Grigori Yefimovich Rasputin (1869-1916) Aged 47

In both life and death, Rasputin has been a controversial figure. A Russian Orthodox mystic, Rasputin gained national prominence in Russia after healing Tsesarevich (Prince) Alexei of medical complication brought on by his hemophilia. After the miraculous healing, Rasputin enjoyed a close relationship with the royal family that caused a growing resentment among the nobility. Numerous rumors rose about his relationship with the women of the Romanov family. Despite his reputation, he seems to have altruistically used his influence, advocating for the Jewish population in Russia and, during WWI, counselling Tsar Nicholas II against involvement. After refusing bribes by the Prime Minister Alexander Trepov to remove himself from politics, Rasputin was assassinated during a housecall.

Maybe the greatest counterfactual representation of a historical figure in the Drifters just based on appearances, with Rasputin taking a few decades off his complexion and adopting a beatnik bishonen persona. Given Rasputin’s reputation as a mystic, he almost certainly has access to some form of magic in the Drifters universe. So far his character has fallen into one of Hirano’s favorite archetypes of the grinning, enigmatic servant, but Rasputin may at least have one of the greatest vendettas among the Ends. In addition to his assassination, it must have been more than a little upsetting to see Anastasia in this new world only a year or two older than when he left it. Rasputin was extremely close to Anastasia and her sisters in life. When informed of Rasputin’s death, they had been devastated. It’s not too far to venture that Rasputin would have a similar reaction. Also, no historical mention of visual impairment.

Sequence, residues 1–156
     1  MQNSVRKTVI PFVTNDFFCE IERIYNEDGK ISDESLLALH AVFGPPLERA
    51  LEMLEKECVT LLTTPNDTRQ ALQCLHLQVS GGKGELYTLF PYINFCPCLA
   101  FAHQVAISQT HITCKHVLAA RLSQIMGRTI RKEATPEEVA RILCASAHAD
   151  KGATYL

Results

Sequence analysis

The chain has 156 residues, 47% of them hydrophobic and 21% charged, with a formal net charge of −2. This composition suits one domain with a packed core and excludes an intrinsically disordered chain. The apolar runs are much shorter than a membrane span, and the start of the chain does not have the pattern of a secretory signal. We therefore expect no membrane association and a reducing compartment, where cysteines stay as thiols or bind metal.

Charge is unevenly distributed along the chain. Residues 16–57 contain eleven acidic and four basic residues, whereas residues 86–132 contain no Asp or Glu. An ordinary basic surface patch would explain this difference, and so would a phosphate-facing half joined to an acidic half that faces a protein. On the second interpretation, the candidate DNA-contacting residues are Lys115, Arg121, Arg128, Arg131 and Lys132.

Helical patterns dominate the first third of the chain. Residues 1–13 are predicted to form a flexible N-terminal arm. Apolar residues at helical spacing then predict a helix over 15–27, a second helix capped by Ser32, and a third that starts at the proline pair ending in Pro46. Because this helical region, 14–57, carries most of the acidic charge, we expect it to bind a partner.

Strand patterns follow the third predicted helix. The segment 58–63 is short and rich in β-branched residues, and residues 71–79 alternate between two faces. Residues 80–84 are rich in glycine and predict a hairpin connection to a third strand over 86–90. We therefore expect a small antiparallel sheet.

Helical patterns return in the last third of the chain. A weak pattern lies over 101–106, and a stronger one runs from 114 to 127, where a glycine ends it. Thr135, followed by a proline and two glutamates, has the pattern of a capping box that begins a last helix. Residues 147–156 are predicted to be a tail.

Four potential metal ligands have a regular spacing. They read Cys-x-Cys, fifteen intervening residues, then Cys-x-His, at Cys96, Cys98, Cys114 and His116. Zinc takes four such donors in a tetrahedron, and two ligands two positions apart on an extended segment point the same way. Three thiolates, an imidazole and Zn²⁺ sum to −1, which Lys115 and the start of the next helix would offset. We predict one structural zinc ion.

Minamoto no Yoshitsune (1159-1189) Aged 30

Another prominent character in the Tale of Heiki, Yoshitsune was instrumental in helping his half-brother Yoritomo come to power by defeating the Taira in multiple battles during the Genpei War, making him Nasu no Yoichi’s commanding officer in at least several battles. Like Yoichi, much of the historical accounts of Yoshitsune have been romanticized so it’s become difficult to tell fact from fiction. He was known as a great tactician and an extremely skilled swordsman, winning several notable duels during his career. One of the most iconic tragic heroes of Japanese history, Yoshitsune was betrayed by Yoritomo, who had grown suspicious of his ambition. After fleeing his brother for some time, Yoshitsune took refuge under the protection of Fujiwara no Yasuhira, but was betrayed by Yasuhira as well and forced to commit seppuku.

The Tale of Heike is considered apocryphal on a good day, but evidence suggests Hirano considers the story as downright propaganda. Words used to describe Yoshitsune have been valiant, kind, honorable, brave, and loyal. The Yoshitsune in Drifters is none of these things. The only possible overlap is Yoshitsune’s reputation as a ladies man, which is believable given his appearance in Drifters. Beyond that, he only seems to hang around The Black King to entertain himself. Like the other Ends, being betrayed by his comrades may have left him bitter, but Yoshitsune’s interaction with Yoichi indicates that he hasn’t changed much. There are rumors that Yoshitsune’s suicide was faked, which make for good narrative fuel as an End, but many of the same tales later have him traveling to Mongolia and becoming Genghis Khan, which doesn’t do much for their credibility.


What do you think of Hirano's portrayals of these figures? Any other events, either in the Drifters or the history books, that stands out to you? What does the dragonfly MEAN? Let us know in the comments below!


Peter Fobian is an Associate Features Editor for Crunchyroll, author of Monthly Mangaka Spotlight, and streams on Crunchyroll's official Twitch channel. You can follow him on Twitter at @PeterFobian.